Comedy Central Tries, Again
Awkwafina is already a well established actress and rapper. With film’s like The Farewell, Ocean’s 8 and Crazy Rich Asians on her resume, it makes sense that she would eventually be given her own television show. Oddly enough, that chance came in the form of Comedy Central’s latest late night, half hour show, Nora From Queens.
I’m sorry, I meant to say: Comedy Central’s Awkwafina is Nora From Queens… just saying it like that makes me wince harder than having to say “Tyler Perry presents” before the title of anything.
After two episodes, a few things are very clear about what we are in store for: stoner comedy with absurd premises and just a little bit of family bounding that all smacks of predictability.
Old Tropes and Family Moments
In the pilot episode, Nora laments over still living at home and briefly moves out with a friend who is a well to do lawyer. While the moving-out-right-of-passage theme isn’t new, it’s used here merely as a launch pad for the rest of the episode. The trope plays out in about three or four minutes of the opening scenes and then it’s off to the races.
Before she even sets foot in the apartment, Nora is told to stay out of a certain room of said apartment and to never answer the lan line. While the lan line bit is just the ignition point for Nora to barge into the aforementioned room, before we even get to this point, you know the lawyer friend is using the room to finance whatever it is she does outside of lawyering. Or the room harbors something so weird that it would send Nora running for the hills. Turns out, it’s the former.
Nora’s friend failed the bar and she’s been a cam girl ever since. She brings Nora into the fold which results in Nora burning down the entire apartment. This joke is hard to swallow because the fire begins and in the very next scene, Nora is living in her car because, according to her, she burned down the apartment. I honestly felt like this was a joke that reached too far.
I can’t stand when people try to find plausibility in fiction, but this example made me think “Nora started the fire with her costume on and then the whole apartment is burnt down? And we’re suppose to accept the joke as is with zero consequences for Nora outside of living in her car?” If that last bit made you grit your teeth, well, now you know how I feel when people say the same sort of stuff about The Walking Dead.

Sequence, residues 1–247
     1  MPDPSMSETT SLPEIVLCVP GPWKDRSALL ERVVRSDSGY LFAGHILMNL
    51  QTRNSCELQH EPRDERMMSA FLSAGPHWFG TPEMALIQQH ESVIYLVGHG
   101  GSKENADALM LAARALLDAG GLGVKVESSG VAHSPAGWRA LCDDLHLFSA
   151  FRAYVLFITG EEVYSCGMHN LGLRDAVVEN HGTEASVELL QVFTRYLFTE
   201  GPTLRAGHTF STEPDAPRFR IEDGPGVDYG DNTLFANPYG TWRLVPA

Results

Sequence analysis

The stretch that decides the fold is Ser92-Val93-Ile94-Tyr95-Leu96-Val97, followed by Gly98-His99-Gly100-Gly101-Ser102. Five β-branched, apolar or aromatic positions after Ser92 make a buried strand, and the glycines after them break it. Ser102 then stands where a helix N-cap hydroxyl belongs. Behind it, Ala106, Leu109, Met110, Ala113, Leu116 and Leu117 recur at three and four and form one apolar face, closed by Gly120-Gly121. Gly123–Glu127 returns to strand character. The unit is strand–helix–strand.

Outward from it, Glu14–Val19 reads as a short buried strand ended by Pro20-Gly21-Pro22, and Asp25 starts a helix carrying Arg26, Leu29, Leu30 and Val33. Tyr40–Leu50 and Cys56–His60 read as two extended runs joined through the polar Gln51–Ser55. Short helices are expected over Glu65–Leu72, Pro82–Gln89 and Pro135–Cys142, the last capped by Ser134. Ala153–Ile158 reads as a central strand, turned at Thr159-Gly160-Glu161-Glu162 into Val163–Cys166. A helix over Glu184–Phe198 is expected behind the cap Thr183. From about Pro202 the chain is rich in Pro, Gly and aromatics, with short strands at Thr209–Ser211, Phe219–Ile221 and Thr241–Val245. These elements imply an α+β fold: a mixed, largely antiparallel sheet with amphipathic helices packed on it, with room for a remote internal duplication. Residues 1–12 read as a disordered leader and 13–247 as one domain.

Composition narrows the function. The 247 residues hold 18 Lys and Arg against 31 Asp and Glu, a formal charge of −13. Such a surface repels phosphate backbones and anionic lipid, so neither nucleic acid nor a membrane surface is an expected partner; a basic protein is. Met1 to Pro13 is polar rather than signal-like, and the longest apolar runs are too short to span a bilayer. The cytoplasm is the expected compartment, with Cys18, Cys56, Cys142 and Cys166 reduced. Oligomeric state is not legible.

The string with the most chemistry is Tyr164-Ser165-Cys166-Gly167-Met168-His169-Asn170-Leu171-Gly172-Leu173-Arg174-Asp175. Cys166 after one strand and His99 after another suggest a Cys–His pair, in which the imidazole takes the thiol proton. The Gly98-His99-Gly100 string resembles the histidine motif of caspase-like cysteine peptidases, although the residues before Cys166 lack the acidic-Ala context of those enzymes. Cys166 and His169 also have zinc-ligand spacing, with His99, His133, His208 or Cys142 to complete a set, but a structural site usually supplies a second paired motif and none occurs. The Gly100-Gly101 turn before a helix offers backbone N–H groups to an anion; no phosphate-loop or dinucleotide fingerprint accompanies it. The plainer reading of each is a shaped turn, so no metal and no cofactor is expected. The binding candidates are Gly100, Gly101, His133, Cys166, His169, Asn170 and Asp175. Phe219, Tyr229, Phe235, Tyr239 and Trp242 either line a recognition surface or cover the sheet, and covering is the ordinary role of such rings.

The best part about this episode is the monologue by BD Wong, who plays Awkwafina’s father, Wally. It’s awkward and heart felt and gives you the sense that Nora is a weird-o because that’s the family she comes from. It makes you wish you were a part of that bond. Nora’s dad and grandmother, played by Lori Tan Chinn, are the glue that hold the family theme together between the two episodes that have aired so far.
More Predictability and Millennial Jokes
In the second episode, Nora ends up getting kicked in the crotch and begins queefing uncontrollably before getting invited to her friend’s boyfriend’s recording session. Before we even get to the studio, we know that the absurd Sound Cloud “producer” will beg to record her queefs, which happens, leaving zero shock and surprise. While this episode does a decent job of lampooning the status of young millennials and their pursuit of whatever, it still wears on, predictable as ever.
Once again the family is what brings it home for Nora, this time in the form of her hippy commune living aunt who gives her life advice while bogarting Nora’s weed. Funny, heartfelt and one the best moments of the episode (the other best moment includes Wally going on a horrible Tinder date).
After the Credits Roll
After watching both episodes, I felt a bit conflicted. There are quick jokes on Awkwafina’s part that are hilarious if you manage to catch them with Nora’s under-the-breath confused tone. My personal favorite joke is the way people sporadically say the word “No!”. It’s funny and unexpected no matter what the question is beforehand. The story set ups, however, are completely predictable. Hopefully that will change moving forward in the series, after all, you’ve got to start somewhere.
After reading a review from the Washington Post, I learned that the show is suppose to be auto-biographical if Awkwafina never got famous in the first place. True life but not really, don’t those two things cancel each other out? I was hoping this show would be a mix of ridiculous fiction and true story’s from Nora’s adolescence, but it sounds like a company trying to out do a previous out there success, Broad City.
There are moments you can truly enjoy, but ultimately, it feels like Comedy Central is trying to fill the massive void left by Abbi Jacobson and Ilana Glazer. Hopefully the rest of the season will grow into something special, especially if dad and grandma continue to have their own sub-stories. We shall see in the weeks to come. For now, it’s nice knowing that the stoners of the world still have a comedic outlet to exploit.